Thursday, July 25, 2013

Where were you?

Can you see me there, waving, from the white speck in the bottom right quadrant of the photo? No? Is 900 million miles too far away?

From an article in Huffington Post:

"Good photographers go to great lengths to get the best pictures, but few have ventured farther than Cassini did on July 19, 2013. From 5:27 p.m. to 5:42 p.m. EDT on that date, the robotic spacecraft peered across almost 900 million miles of empty space to capture a series of awe-inspiring images of Earth."

Last Friday, at 2:27pm PDT, I was finishing a late lunch at the picnic table under the awning outside at work, so I was most likely not visible in the photo. I didn't know! If I'd known, I would have sat on the lawn, away from the umbrella. 

(Full story here.)

Silliness aside, when I first viewed this picture, I broke down and wept, completely undone by the, the — the what, exactly? Grandeur? Vastness? Our own utter insignificance in the universe? That we possess this stunning ability to love, and to feel love? That we even perceive something we call beauty? (Which is what, exactly?)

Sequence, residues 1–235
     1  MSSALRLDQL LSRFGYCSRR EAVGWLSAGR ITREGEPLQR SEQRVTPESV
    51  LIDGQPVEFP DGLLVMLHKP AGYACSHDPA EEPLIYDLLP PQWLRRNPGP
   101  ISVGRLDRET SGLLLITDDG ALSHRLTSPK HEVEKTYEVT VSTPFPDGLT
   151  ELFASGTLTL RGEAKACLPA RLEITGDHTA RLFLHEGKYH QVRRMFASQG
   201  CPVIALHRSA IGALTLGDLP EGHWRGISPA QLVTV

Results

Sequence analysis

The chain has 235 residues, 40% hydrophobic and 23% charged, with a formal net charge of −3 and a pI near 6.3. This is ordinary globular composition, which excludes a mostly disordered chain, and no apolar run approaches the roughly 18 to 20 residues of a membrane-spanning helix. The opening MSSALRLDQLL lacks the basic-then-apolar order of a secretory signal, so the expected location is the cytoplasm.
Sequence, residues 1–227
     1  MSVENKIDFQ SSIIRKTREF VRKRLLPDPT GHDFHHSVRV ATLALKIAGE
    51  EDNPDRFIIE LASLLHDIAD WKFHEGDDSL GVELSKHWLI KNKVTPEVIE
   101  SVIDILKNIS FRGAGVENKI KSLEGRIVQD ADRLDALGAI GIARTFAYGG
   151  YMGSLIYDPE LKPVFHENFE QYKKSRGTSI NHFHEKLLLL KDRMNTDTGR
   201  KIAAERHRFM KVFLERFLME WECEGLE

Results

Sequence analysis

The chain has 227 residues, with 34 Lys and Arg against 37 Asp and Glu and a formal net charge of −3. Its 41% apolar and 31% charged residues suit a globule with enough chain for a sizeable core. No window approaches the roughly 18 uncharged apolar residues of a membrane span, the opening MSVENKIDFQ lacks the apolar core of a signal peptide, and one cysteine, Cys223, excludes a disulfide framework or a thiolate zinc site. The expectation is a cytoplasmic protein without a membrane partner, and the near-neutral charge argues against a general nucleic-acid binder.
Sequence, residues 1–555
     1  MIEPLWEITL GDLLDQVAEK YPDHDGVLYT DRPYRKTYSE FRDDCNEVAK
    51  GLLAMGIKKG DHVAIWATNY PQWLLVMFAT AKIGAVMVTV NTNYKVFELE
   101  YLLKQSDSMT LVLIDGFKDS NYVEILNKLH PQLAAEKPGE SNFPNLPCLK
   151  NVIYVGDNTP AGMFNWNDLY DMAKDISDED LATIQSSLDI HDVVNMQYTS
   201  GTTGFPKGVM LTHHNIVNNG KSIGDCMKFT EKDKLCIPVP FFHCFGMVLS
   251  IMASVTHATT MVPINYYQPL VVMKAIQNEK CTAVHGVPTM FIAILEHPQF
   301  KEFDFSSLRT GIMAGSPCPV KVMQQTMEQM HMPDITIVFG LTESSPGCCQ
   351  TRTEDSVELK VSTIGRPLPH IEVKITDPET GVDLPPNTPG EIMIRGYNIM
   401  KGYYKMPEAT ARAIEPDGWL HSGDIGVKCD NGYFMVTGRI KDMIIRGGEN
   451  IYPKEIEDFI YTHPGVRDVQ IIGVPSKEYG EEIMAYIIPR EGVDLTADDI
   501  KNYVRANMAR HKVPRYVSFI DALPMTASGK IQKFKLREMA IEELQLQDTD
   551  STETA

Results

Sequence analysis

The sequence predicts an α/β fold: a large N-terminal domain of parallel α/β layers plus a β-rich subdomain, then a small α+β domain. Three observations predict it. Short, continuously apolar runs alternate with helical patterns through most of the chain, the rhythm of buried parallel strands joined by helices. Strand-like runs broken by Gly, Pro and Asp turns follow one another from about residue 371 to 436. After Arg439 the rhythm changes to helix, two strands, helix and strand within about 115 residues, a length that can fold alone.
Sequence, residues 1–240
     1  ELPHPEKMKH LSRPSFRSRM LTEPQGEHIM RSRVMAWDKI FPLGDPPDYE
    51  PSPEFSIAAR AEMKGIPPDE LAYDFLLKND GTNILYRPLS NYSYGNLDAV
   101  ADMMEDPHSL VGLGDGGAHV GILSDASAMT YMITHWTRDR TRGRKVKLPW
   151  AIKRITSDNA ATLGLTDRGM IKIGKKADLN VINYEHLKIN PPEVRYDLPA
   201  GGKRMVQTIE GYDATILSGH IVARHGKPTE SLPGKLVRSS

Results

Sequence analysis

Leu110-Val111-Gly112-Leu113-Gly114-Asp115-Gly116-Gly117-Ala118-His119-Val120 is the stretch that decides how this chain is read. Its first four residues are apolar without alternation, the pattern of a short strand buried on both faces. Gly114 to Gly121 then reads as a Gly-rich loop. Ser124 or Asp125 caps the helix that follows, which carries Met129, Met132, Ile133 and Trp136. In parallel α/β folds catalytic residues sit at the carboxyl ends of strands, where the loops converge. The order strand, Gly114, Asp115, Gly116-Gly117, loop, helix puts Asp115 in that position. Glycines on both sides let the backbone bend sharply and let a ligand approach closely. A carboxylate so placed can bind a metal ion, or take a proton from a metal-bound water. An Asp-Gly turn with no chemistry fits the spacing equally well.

In all truth, in the thick of all this personal investigation in the World of Physics, I was completely undone by the mere notion of a photograph of us — every last one of us, if you will — having been taken by a satellite sent into space by humans, from a distance of 900 million miles, and then transmitted to us across that same distance. I cannot fathom this. I want to understand it scientifically and poetically, and the possibility of either of these seems infinitely and staggeringly daunting.


  1. From a friend, attending an astronomy camp for science fiction and fantasy writers in Colorado at that moment:

    Love, C.

  2. Or maybe we just like looking at ourselves ... another Kodak Moment.